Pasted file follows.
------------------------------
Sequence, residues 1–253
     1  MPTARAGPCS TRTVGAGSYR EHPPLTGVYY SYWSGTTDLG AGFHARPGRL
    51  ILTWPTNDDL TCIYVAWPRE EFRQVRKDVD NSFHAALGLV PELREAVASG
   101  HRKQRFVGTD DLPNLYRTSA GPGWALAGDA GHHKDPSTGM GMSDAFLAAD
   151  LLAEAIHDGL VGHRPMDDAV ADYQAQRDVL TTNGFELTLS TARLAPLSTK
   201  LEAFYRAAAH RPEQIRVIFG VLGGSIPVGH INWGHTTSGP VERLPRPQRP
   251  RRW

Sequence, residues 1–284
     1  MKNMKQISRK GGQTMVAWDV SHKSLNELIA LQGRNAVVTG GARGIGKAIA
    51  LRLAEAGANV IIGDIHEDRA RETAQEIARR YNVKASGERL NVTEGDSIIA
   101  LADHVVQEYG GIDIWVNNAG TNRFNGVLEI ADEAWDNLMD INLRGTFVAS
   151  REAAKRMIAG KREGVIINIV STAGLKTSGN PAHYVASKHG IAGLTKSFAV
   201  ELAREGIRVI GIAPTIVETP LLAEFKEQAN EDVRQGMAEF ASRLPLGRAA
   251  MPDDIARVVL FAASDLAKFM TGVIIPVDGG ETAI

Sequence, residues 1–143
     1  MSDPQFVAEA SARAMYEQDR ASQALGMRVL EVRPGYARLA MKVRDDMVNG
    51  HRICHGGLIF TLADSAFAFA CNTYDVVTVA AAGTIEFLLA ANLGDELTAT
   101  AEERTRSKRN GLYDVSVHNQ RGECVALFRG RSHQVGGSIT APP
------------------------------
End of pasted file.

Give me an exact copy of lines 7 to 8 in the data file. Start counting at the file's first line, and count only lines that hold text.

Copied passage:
   251  RRW

Sequence, residues 1–284